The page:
Tech geeks of old forewarned us that every home would one day include a personal computer, that the Internet would transform the way in which we live and that mobile phones would quickly evolve into pocket-sized supercomputers – but something about human nature means that big promises of a better life through technology are often met with a raised eyebrow.

If I told you that I was going to found an mixed-reality focused tech startup, you might tell me that there are already established competitors such as Oculus and HTC. If I said that we would operate in “stealth mode” for multiple years, while patenting various relevant technologies, and that the company’s products “would forever change the way in which humans interact with computers”, I’d forgive you for showing some skepticism. If I told you that my company’s technology would “replace your phones, your televisions, your laptops and your tablets”, you may well struggle to suppress your laughter.

However, if the company were being headed up by Roby Abovitz, a bio-engineer who previously found success designing robot arms for medical use, you might need to take these assertions a little more seriously.

The company in question is Magic Leap, for whom the first four years of operations were mainly funded by the $1.6 billion generated from the sale of Abovitz’s previous company, Mako Surgical Corp, who manufactured and sold robot arms of his design.

On top of those funds, the founder has managed to acquire investment from Google, Alibaba, J.P Morgan and other large investors, suggesting that the often-made claim that Magic Leap is vaporware may yet be proven to be untrue. Magic Leap have raised $1.9 billion from investors so far – significant backing from companies that well understand the challenges faced by anyone trying to enter this competitive marketplace. At last count, Magic Leap was being valued at $6 billion, having yet to release a single product.

For those still unconvinced, Magic Leap finally released a preview of what will be their first product back in December 2017. A mixed-reality headset called Magic Leap One: Creator’s Edition, which could be most easily compared to Microsoft’s HoloLens, will be released before 2018 is out, claim Magic Leap.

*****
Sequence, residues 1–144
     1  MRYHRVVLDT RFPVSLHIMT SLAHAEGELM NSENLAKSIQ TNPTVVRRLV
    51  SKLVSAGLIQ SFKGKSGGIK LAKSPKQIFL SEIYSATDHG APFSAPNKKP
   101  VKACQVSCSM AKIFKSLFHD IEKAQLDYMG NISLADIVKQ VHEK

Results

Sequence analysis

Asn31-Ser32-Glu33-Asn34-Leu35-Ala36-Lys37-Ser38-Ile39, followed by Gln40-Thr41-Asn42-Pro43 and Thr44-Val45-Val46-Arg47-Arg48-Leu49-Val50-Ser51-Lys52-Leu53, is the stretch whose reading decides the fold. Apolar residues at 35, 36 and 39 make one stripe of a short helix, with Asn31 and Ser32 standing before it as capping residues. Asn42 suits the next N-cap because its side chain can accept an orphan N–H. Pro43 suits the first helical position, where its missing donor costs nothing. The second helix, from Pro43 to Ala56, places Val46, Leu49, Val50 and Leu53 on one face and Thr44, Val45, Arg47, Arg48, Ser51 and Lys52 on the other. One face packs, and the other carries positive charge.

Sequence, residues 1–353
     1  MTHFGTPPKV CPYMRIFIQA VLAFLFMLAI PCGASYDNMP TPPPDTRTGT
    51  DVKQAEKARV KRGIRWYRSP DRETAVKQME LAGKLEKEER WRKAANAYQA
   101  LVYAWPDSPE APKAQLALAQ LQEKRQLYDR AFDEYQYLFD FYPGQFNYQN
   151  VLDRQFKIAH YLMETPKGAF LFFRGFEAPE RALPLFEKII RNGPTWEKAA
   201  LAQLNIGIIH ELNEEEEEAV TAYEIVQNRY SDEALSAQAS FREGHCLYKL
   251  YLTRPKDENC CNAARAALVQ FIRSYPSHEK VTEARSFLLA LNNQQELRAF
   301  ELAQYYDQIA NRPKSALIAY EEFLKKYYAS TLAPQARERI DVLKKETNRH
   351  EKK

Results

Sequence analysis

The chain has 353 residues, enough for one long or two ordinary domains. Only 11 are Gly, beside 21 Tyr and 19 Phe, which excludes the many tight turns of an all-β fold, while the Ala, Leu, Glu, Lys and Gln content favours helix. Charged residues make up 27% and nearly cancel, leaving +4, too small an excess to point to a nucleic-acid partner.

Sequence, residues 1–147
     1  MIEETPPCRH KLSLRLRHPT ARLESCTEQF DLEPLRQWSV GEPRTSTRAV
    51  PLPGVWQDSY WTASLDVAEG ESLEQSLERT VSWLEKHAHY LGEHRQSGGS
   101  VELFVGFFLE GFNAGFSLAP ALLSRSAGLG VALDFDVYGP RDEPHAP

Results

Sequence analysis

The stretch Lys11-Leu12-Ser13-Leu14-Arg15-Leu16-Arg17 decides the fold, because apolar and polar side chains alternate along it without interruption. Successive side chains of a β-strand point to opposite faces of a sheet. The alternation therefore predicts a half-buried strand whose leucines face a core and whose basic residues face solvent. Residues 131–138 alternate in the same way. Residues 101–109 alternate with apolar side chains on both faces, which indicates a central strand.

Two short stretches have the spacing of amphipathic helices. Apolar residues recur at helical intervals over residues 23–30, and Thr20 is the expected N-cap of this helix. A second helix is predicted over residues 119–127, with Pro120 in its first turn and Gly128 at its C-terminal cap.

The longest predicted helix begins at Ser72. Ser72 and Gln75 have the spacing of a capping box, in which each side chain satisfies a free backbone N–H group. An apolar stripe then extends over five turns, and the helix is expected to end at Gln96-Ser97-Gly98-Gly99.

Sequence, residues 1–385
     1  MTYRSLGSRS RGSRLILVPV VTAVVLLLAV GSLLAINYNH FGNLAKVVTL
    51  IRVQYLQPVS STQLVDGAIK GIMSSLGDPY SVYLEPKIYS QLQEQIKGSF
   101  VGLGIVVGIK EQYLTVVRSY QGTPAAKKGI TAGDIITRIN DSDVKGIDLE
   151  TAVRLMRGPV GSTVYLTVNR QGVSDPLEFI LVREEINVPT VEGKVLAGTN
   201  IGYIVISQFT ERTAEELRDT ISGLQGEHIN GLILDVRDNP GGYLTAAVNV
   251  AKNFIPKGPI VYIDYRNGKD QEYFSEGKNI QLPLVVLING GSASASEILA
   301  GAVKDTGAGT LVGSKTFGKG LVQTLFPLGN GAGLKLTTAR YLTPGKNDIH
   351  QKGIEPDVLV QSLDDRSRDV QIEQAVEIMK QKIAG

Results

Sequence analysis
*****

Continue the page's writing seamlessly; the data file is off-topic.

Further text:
How Magic Leap One: Creator’s Edition Will Work

As with all current augmented/mixed-reality headsets, Magic Leap One: Creator’s Edition augments the user’s reality by way of a pair of goggles which super-impose high-resolution 3D graphics over the view of the real world. While this in itself is nothing new, Magic Leap claim that their device provides cutting-edge environmental mapping, precision tracking of the user and spacial audio for the most natural and convincing experience.

One of the benefits of Magic Leap One is that the headset (dubbed, “Lightwear”) will be more comfortable than existing devices due to processing being handled by an external device called “Lightpack”. The user wears this small device, which handles processing and graphics, in addition to the headset. By handling this computation externally, the size and weight of the headset itself is reduced, which has been a key area of improvement requested by early adopters of AR and VR technology. This does, however, mean there are cables coming out of the headset and connected to the pack.

Unlike the Microsoft Hololens, Magic Leap One: Creator’s Edition will primarily use a controller for navigation, something similar to the HTC Vive controller. This has been chosen over the Hololen’s primary approach of finger gestures, which can become effortsome during heavy usage.

Exact technical specifications of the Magic Leap One: Creators Edition, it’s release date and pricing are all yet to be announced – but with glossy marketing and their CEO describing the product as “a premium artisanal computer”, we can be fairly certain that Magic Leap are hoping to crack the desirable premium end of the market with their first release.

In terms of pricing, Abovitz said that the “higher-end mobile phone to higher-end tablet zone is probably our floor”, suggesting even their least expensive product is likely to clock in at £1000 or more. Some industry analysts consider this optimistic and expect the Magic Leap One to cost between £1,100 and £1,500. While that’s a substantial sum to spend on nascent technology, it’s still less expensive than the Hololens which debuted at over £2,700 and is likely to feel dated in comparison to the newer technology, when it’s finally released.

Watch This Space

The tech gurus at Google and at Magic Leap’s other investors must know something about the company that we don’t, otherwise how could they each invest so many hundreds of millions?

On the other hand, their investment could just be a play by the major corporations to cover themselves – making sure that they’re heavily invested should Magic Leap prove to be the next big thing in tech.

The founder’s billion-dollar-plus exit from his previous company shows that he’s no slouch in business and has delivered on his promises in the past. Still, with product specifics or release date on the table, Magic Leap One: Creator’s Edition could yet go down as one of the most expensive examples of vaporware in tech history.

As it stands, Magic Leap continues to make bold claims in the mixed-reality space which we can’t wait to see tested before the year is out.